Jhumpa Lahiri's Interpreter of Maladies depicts the convergence of the remorseful lives of Indian immigrants with American culture, estranged physically or spiritually from their homelands and facing adversity adjusting to America's sterility. In the story, “Mrs. Sen's,” the sense of transforming into an American lifestyle indicates Mrs. Sen's quiet strength, but an overbearing loneliness sinks into her life as readers begin to sympathize with her life. Mrs. Sen's resistance to assimilate to American culture through her obsession with material possessions back from her native India and her lonely, vicarious nature accentuates her emotional exile, making her the most sympathetic, distressful character in Lahiri's short story collection.
Mrs. Sen earns the reader's sympathy with her antisocial nature and a growing obsession with food and Indian clothing, giving a sense of homesickness and her original cultural identity. Her choice of wearing a “white sari patterned with orange paisleys” (112) indicates her passion for Bengali people, Bengali food, fish and all possessions from Calcutta. The arrival of fish at the local store is greeted as a piece of news from home, and she is “flattered” (124) to hold the fish, to cook it and to serve it to Mr. Sen. Absolute happiness eludes her as she “buys mackerel, and butterfish, and sea bass”(129), so much that “Eliot had to hold one of the bags” (129). Mrs. Sen's existence as well as her survival in America revolves around and depends upon fish, giving her pleasure and proximity. Lahiri conveys that such a strong sense of community is lost in America, as Mrs. Sen cuts vegetables and “split things in half, then quarters, speedily producing florets, cubes, slices, and shreds” (114), indicating a deep, painful loneliness as she misses her country. Mrs. Sen begins to refuse assimilation to any degree, continuing to build a barrier between new experiences and people in America and her true home in India.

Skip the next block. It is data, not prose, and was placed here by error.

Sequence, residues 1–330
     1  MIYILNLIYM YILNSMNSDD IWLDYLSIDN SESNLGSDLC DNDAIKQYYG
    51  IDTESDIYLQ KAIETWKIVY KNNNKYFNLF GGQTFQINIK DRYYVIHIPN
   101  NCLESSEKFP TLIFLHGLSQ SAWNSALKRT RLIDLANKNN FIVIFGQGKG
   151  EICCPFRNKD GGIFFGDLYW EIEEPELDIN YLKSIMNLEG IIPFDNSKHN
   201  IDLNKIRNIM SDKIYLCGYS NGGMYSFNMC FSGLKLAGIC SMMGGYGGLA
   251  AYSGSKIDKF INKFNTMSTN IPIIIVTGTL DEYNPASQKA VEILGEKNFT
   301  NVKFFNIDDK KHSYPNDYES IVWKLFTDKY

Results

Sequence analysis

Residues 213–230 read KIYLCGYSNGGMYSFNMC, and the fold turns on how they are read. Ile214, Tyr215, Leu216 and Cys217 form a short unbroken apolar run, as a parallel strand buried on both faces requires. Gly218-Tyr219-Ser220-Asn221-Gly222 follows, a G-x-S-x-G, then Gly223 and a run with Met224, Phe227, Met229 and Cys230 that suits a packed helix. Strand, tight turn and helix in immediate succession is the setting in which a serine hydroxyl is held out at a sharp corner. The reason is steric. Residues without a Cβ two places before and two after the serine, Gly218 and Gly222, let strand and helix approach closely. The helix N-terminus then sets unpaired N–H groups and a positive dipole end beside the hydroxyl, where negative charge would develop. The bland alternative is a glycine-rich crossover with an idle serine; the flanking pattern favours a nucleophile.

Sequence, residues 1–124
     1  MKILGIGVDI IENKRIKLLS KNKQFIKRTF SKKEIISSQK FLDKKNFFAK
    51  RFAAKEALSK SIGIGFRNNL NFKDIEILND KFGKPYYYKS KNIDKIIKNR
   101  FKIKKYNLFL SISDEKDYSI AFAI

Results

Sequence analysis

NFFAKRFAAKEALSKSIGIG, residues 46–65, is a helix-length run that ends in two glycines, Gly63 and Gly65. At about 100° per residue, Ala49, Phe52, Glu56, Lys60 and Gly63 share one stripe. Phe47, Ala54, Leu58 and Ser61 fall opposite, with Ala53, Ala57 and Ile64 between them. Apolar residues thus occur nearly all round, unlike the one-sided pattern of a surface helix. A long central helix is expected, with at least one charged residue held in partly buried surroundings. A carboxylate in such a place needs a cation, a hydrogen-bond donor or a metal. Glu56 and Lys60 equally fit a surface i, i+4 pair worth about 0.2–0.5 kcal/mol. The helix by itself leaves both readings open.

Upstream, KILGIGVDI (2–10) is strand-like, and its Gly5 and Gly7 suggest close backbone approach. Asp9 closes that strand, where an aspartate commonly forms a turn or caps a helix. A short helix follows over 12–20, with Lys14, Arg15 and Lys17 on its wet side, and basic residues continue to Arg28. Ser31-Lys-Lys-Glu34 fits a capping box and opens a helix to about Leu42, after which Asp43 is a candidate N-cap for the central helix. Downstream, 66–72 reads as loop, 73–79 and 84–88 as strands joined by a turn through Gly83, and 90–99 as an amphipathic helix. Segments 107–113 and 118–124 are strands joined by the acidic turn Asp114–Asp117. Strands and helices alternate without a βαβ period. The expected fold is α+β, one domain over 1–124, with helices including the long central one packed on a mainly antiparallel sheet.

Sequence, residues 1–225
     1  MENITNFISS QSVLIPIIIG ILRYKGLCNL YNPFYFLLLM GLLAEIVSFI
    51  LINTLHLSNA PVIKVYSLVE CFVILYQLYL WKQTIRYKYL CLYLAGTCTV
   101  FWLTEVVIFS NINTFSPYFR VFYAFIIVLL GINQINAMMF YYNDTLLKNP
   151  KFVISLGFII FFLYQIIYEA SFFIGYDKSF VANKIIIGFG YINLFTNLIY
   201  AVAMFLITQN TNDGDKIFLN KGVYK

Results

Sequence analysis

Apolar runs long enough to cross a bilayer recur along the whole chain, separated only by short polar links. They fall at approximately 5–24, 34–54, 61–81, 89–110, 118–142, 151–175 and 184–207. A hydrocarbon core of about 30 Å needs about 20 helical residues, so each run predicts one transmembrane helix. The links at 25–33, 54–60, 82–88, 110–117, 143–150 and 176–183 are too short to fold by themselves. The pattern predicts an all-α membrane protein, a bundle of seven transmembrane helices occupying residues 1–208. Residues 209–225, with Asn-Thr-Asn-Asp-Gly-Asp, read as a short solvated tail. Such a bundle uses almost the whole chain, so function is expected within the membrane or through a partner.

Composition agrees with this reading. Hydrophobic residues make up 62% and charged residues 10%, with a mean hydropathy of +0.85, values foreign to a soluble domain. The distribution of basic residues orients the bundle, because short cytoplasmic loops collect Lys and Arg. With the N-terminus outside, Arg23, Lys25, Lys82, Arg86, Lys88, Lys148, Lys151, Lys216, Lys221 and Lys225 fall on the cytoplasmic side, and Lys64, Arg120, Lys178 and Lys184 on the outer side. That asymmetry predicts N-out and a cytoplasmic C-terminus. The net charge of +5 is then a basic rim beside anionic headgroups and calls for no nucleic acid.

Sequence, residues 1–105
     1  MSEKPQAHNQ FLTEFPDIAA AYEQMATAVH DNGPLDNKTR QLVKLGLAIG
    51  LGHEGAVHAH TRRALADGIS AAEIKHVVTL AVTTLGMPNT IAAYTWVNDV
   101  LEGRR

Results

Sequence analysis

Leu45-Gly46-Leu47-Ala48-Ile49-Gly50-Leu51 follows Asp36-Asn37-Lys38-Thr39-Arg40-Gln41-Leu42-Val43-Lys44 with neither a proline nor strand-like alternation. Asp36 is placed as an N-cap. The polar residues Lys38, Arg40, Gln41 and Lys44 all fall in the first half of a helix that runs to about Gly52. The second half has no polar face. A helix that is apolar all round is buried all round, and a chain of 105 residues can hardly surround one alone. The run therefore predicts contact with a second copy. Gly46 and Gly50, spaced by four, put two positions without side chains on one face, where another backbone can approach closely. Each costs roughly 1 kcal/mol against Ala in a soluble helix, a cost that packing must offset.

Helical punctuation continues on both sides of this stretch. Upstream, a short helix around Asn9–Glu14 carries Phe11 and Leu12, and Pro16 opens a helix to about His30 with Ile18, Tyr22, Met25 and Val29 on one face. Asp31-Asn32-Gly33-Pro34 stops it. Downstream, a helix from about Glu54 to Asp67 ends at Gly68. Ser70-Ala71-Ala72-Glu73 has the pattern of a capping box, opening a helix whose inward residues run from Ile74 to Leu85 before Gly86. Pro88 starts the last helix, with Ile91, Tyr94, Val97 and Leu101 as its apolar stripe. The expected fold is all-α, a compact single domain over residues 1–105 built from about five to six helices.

Mrs. Sen's projections...
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